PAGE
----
Washington (CNN) -- President Barack Obama told visiting Pakistani officials Wednesday that he won't be going to their country next month on a trip to Asia that includes a stop in neighboring India.
A White House statement said Obama met with the Pakistani delegation attending this week's U.S.-Pakistan Strategic Dialogue to discuss how to further strengthen relations between the countries.
"The President explained that he would not be stopping in Pakistan during his trip to Asia next month, and committed to visiting Pakistan in 2011, as well as welcoming (Pakistani) President (Asif Ali) Zardari to Washington," the statement said.
The third meeting this year of the U.S.-Pakistan Strategic Dialogue concludes on Friday.
White House Press Secretary Robert Gibbs confirmed later Wednesday that Obama would spend three days in India on the Asian trip, which is expected to include the president's participation at the G-20 summit in Seoul, South Korea.
Gibbs said that Obama's schedule for India was still being worked out.
The New York Times reported Wednesday that Obama's itinerary would skip the Golden Temple of Amritsar, the spiritual center of the Sikh religion, in part to avoid having to put on a head covering -- as required of all visitors to the shrine -- that could reinforce the erroneous belief among some Americans that Obama is Muslim. Sikhism is a completely different religion from Islam.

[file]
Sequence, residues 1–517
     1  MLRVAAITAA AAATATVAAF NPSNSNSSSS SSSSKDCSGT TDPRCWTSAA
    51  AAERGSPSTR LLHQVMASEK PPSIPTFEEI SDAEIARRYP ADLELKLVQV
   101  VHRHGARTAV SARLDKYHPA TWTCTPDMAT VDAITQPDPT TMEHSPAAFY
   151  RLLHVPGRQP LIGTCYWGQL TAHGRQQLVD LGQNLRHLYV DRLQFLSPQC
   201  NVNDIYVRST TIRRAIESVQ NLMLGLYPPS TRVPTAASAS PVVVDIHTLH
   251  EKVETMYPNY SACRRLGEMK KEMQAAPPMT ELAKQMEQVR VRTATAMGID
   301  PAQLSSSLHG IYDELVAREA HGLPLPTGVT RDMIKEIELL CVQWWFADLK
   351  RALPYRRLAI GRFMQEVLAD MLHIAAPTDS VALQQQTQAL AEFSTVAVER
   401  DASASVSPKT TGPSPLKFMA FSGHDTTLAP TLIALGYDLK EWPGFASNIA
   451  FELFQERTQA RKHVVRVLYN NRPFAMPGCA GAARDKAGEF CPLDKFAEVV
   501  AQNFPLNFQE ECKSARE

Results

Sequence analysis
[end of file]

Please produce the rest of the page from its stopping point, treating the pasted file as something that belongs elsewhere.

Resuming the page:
Gibbs said Obama's itinerary was based on "what the president wants to accomplish," and that consultations with Indian officials continued on the final schedule.
Earlier, a White House official speaking on condition of not being identified also said the final schedule for the trip had yet to be released.
"India is a vast and extraordinary country, and there are many more events that the president would like to do -- and sites that our advance teams visit -- than he will have time for during a three day visit," the official said. "We will advise the president's itinerary when it is finalized."
Also Wednesday, Obama attended his monthly teleconference on Afghanistan with his national security team. The White House statement said the 90-minute meeting included discussions on relations with Pakistan as well as Afghanistan President Hamid Karzai's establishment of a High Peace Council, a panel seeking peace discussions with the Taliban.
CNN's Suzanne Malveaux, Ed Henry and Tom Cohen contributed to this story.